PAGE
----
At the opposite end you have a HDMI and USB cable, these are plugged into the device your using it with.

It’s important to mention that if you intend on using this with an Android phone you will have to buy a separate USB-C Hub which has both HDMI and USB capabilities.


As with all Wacom devices, setup is simple. If using a laptop or desktop all you do is connect the HDMI and USB cable into the computer and turn the One on. There is a small button on the top which is flush with the casing, so it can be a little difficult to find if you’re just feeling for it.

You can then follow the instructions on the box or the leaflet and download the Wacom drivers. When these are installed it will recognise the device and lead you through the setup process. Nice and easy.

Before long, you’re sketching away in your favourite application, but don’t worry if you don’t have any. Wacom also include Clip Studio Paint and Bamboo Paper to get you started as well as Adobe Premiere Rush and Adobes new painting app, Fresco. Obviously, Android have a whole host of free apps too, so you don’t need to spend any more money to start sketching.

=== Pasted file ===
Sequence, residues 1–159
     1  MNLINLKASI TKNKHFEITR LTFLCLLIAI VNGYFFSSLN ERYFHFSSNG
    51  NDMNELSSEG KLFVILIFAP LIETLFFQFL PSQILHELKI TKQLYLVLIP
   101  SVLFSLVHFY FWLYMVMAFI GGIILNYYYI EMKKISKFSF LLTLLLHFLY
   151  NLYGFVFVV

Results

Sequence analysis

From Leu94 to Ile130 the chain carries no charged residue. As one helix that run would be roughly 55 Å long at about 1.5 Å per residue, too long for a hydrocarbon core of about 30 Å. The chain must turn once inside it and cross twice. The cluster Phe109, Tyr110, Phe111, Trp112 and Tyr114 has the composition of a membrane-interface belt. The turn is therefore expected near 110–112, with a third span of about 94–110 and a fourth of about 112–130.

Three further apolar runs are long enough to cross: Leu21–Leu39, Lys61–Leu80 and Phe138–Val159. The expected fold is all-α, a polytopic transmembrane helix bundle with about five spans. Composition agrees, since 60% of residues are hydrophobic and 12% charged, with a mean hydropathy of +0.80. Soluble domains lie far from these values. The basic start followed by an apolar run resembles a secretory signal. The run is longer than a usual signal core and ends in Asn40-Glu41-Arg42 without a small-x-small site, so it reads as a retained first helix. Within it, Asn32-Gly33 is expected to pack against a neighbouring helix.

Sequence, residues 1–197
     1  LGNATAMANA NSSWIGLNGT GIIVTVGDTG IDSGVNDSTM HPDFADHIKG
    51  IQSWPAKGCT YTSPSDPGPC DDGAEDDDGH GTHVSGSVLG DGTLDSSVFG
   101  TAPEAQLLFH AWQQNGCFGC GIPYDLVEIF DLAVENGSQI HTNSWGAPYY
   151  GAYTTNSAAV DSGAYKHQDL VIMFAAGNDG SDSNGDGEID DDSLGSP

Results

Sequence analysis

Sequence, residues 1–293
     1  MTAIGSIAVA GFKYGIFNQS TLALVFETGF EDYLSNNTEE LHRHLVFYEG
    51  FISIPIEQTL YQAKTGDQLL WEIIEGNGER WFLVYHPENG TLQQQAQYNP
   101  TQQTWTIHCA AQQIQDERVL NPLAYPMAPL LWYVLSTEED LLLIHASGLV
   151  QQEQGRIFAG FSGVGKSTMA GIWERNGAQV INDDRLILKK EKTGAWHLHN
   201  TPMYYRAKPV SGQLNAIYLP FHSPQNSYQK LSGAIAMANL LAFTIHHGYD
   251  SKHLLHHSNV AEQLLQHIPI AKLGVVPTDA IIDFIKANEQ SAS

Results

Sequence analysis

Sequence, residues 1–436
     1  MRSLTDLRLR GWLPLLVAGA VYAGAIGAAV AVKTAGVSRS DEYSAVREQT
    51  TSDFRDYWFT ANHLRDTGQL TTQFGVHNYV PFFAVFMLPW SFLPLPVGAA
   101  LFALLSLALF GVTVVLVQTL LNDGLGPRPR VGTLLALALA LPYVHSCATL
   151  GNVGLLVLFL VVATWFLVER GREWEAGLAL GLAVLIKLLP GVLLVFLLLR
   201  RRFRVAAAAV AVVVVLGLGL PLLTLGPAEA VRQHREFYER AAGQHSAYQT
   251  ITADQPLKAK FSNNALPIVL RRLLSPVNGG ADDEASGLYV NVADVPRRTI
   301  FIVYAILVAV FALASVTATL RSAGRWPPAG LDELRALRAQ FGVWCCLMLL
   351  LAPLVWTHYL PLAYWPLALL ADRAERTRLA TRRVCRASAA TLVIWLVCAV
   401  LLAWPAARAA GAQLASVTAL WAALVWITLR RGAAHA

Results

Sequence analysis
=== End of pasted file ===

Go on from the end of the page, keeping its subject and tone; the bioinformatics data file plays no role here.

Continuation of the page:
If you’re using this with an Android phone, like the Galaxy Note for example, the setup is different. You use the USB-C Hub to connect the HDMI and USB cables to the phone.

When both devices are switched on, the Android will detect the Wacom One and ask if you want to go into Screen Mirror or Samsung Dex mode. Choosing DeX will open the Android operating system on the Wacom One just like it was a tablet or desktop.

You can then use the tablet as you would if you were at your desk using a laptop, download a painting application and start painting, or alternatively, use it to take notes, add annotations to a document, edit a video or photo…the uses are endless.

The Tablet

The Wacom One, although an entry level device feels like its higher quality than it should be. The build quality is superb, it feels solid and robust, so it should be ok with those younger users who may knock it or bash it about. It should also be safe to throw in a bag and take it out with you, and with it weighing just over 2lbs you could easily use it with your phone and do some work while travelling or if your just out for a coffee.